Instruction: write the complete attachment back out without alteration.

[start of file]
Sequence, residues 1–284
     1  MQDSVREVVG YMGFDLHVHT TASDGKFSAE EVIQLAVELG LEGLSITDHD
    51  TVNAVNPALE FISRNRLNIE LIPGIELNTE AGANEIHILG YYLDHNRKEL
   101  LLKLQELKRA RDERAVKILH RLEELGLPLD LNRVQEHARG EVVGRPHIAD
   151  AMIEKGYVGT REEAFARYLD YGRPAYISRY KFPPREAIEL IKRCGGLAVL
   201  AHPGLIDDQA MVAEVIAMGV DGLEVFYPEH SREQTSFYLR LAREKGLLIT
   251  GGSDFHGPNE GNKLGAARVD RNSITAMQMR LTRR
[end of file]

Sequence, residues 1–284
     1  MQDSVREVVG YMGFDLHVHT TASDGKFSAE EVIQLAVELG LEGLSITDHD
    51  TVNAVNPALE FISRNRLNIE LIPGIELNTE AGANEIHILG YYLDHNRKEL
   101  LLKLQELKRA RDERAVKILH RLEELGLPLD LNRVQEHARG EVVGRPHIAD
   151  AMIEKGYVGT REEAFARYLD YGRPAYISRY KFPPREAIEL IKRCGGLAVL
   201  AHPGLIDDQA MVAEVIAMGV DGLEVFYPEH SREQTSFYLR LAREKGLLIT
   251  GGSDFHGPNE GNKLGAARVD RNSITAMQMR LTRR